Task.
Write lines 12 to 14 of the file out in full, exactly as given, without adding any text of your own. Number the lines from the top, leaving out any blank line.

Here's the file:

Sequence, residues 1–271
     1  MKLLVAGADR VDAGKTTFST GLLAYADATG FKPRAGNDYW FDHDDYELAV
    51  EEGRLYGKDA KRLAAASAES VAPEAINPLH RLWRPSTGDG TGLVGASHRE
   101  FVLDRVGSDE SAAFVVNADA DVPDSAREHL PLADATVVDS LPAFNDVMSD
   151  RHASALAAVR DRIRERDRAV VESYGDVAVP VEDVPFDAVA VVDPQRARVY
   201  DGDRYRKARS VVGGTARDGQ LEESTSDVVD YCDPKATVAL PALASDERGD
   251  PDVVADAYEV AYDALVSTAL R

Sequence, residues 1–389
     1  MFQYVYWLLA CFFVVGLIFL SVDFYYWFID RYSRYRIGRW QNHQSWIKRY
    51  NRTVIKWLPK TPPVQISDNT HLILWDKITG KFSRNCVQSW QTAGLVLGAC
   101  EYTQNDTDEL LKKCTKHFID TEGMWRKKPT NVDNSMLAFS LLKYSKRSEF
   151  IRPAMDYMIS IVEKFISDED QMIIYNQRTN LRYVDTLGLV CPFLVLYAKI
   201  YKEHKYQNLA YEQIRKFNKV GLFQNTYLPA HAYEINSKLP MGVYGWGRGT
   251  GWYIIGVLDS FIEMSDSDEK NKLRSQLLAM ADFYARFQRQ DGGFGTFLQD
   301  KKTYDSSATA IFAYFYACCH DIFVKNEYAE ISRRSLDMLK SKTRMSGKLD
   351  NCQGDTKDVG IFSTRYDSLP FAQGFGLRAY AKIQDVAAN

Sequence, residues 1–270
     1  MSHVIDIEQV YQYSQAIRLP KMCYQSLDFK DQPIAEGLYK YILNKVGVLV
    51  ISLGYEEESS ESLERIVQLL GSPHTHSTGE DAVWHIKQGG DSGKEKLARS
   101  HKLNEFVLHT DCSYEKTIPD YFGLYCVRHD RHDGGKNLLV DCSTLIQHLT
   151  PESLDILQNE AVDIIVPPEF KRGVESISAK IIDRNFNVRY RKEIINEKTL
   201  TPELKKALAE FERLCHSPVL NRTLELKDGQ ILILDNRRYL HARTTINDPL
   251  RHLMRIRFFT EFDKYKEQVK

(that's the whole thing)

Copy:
   151  IRPAMDYMIS IVEKFISDED QMIIYNQRTN LRYVDTLGLV CPFLVLYAKI
   201  YKEHKYQNLA YEQIRKFNKV GLFQNTYLPA HAYEINSKLP MGVYGWGRGT
   251  GWYIIGVLDS FIEMSDSDEK NKLRSQLLAM ADFYARFQRQ DGGFGTFLQD